One of the most startling sights on a first trip to Africa is a common one: women carrying things on their heads. Try to carry a suitcase on your head, and you’ll probably bite your tongue in concentration and wave your arms madly for balance. But African women walk for miles with heavy jugs of water or pots of food as if they weren’t carrying anything. Energetically speaking, they aren’t: researchers have found that the women can carry enormous loads without using any extra energy. They aren’t defying any laws of physics, though; they’re being good pendulums.
In 1977 a team of Harvard physiologists, in Kenya to study the locomotion of wild animals, found themselves distracted by the load- carrying women. When we tried to pick up the loads, they were just amazing, says Norman Heglund. We wondered how the devil they did it. As a first experiment, Heglund’s team convinced some Kenyan women to wear breathing masks as they carried their loads; the idea was to measure the women’s oxygen consumption, calculate how many calories they were burning, and then compare their performance with that of non-Africans. There the experiment ran into a snag: the non-African researchers couldn’t match the carrying capacity of the Kenyan women, at least not with their heads. Heglund and his colleagues had to resort to backpacks and to using old measurements from American Army recruits.
Still, the results were extraordinary. The African women could carry a fifth of their weight without burning a single extra calorie; and although larger loads did require more energy, the increase was only half of that needed by the American soldiers. Some women could carry 70 percent of their weight.
Funding agencies haven’t exactly been desperate for the answer to this riddle, so it’s only recently that Heglund has managed to get a step closer to one. While spending a year teaching at the University of Nairobi in 1989, he had some Kenyan women walk across force plates; last year in Belgium he repeated the experiment with European students. Force plates are devices that register the vertical and horizontal forces exerted by a walking animal.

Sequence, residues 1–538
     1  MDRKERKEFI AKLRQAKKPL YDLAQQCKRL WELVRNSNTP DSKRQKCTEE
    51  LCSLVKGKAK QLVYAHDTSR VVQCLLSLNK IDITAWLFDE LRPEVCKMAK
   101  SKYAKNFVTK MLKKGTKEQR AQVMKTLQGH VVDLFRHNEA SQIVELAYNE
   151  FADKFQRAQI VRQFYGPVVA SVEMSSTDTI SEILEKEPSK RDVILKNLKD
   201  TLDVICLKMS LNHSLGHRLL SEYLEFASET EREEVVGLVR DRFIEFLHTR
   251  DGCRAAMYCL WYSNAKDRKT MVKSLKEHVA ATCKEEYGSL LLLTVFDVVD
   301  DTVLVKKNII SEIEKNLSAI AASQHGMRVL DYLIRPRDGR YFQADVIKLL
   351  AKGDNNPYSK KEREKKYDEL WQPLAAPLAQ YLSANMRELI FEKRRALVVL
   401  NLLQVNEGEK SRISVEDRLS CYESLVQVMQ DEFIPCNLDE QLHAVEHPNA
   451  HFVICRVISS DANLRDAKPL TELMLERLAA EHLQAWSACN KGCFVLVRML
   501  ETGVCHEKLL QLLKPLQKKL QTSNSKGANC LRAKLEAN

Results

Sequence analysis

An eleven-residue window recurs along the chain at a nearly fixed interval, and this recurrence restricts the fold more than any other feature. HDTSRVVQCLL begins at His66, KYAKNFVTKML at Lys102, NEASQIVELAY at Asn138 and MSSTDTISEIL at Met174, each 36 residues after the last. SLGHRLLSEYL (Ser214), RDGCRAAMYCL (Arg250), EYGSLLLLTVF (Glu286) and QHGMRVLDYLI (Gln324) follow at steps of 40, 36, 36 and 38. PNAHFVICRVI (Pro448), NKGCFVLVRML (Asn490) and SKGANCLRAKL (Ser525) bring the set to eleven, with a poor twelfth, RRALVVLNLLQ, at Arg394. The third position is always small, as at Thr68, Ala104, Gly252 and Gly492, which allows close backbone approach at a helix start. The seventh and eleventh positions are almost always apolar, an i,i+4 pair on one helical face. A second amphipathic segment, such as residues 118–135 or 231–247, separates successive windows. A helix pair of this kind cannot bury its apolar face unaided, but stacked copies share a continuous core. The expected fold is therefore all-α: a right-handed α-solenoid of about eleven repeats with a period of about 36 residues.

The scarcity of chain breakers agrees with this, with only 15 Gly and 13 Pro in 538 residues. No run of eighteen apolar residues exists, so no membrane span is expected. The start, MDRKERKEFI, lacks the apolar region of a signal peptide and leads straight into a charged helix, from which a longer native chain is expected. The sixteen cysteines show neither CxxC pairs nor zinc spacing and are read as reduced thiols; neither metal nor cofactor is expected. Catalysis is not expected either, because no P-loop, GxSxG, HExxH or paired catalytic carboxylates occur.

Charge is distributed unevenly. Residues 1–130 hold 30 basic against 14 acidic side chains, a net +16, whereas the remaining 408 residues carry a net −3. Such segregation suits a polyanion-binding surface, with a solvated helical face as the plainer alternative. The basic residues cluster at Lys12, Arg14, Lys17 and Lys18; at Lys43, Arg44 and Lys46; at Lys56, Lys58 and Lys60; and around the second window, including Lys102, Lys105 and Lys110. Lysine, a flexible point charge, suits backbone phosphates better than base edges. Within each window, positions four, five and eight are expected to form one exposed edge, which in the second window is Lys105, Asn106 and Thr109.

A walking human is like a pendulum swinging. When the pendulum is at its lowest point, it is moving fastest, and its energy is almost all kinetic energy of motion. As the pendulum climbs up one side of its arc and is slowed and finally stopped by gravity, that energy isn’t all lost; most of it is stored as potential energy and is converted back into kinetic energy when the pendulum starts to fall again. But some of the energy is lost to friction, both in the bearing and between the pendulum and the air.
Similarly, when you walk, the kinetic energy of your forward movement turns into potential energy as you rise on one foot and is converted back into kinetic energy as you fall onto the other foot. But with each footfall, only 65 percent of that kinetic energy is carried over into the next step; 35 percent is lost, mostly to internal friction in your leg. That 35 percent has to be made up by your leg muscles, which convert food energy into kinetic energy.
The 35 percent rule applies to Kenyan women too--until they start carrying things on their heads. Heglund’s force plate readings allowed him to calculate how much energy his subjects were transferring from one step to the next. Without a load, Kenyan women and Europeans both transferred 65 percent. When the Europeans carried loads on their backs, they still lost 35 percent--but now, since they were bearing more weight at the same speed, that 35 percent represented more energy in absolute terms, which they made up by burning more calories. In contrast, the Africans simply became better pendulums. When they carried a fifth of their body weight on their heads, they somehow managed to transfer 75 percent of their energy from one step to the next, losing only 25 percent to friction. With a greater load, one woman reduced her loss to 15 percent.
Heglund doesn’t know what biomechanical trick the Kenyan women are using--they couldn’t tell him--but it must have something to do with carrying things on your head. People who carry things for a living, he notes, from Kenyans to Sherpas, tend to use their heads. It’s just amateurs like us that use suitcases and backpacks, Heglund says.